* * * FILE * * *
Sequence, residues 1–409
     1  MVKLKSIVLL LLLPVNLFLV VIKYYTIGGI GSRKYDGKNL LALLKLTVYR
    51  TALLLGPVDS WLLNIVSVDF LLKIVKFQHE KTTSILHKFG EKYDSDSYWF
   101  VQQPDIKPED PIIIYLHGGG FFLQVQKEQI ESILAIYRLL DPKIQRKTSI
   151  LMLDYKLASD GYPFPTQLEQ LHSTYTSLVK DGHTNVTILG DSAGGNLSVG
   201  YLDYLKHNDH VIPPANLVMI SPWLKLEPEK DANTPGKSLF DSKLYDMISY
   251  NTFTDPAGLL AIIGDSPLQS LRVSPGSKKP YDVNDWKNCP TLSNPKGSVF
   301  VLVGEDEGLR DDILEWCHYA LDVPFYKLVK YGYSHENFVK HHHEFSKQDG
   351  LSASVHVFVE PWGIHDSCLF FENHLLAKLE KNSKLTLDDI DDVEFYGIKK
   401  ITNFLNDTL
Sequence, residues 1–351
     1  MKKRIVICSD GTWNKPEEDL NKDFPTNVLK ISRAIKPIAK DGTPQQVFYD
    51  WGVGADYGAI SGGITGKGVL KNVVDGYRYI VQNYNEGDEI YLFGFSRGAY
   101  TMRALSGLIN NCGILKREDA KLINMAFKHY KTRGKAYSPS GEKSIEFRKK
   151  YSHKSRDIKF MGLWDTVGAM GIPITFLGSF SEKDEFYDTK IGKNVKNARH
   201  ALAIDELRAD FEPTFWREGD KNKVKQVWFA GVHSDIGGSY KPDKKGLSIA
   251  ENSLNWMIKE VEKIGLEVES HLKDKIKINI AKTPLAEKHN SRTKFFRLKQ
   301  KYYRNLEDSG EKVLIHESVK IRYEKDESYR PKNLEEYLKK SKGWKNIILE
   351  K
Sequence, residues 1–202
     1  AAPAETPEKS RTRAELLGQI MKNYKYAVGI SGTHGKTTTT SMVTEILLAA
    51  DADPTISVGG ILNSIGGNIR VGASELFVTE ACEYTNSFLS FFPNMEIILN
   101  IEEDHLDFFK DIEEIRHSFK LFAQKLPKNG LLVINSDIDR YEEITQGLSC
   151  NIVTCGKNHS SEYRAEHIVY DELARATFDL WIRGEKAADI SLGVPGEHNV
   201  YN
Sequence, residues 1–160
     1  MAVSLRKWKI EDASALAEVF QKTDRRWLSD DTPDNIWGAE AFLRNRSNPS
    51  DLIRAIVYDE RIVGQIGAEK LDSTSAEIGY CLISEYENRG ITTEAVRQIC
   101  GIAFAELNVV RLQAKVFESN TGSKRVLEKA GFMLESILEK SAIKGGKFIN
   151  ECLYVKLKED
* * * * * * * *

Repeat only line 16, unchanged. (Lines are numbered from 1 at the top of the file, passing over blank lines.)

   201  ALAIDELRAD FEPTFWREGD KNKVKQVWFA GVHSDIGGSY KPDKKGLSIA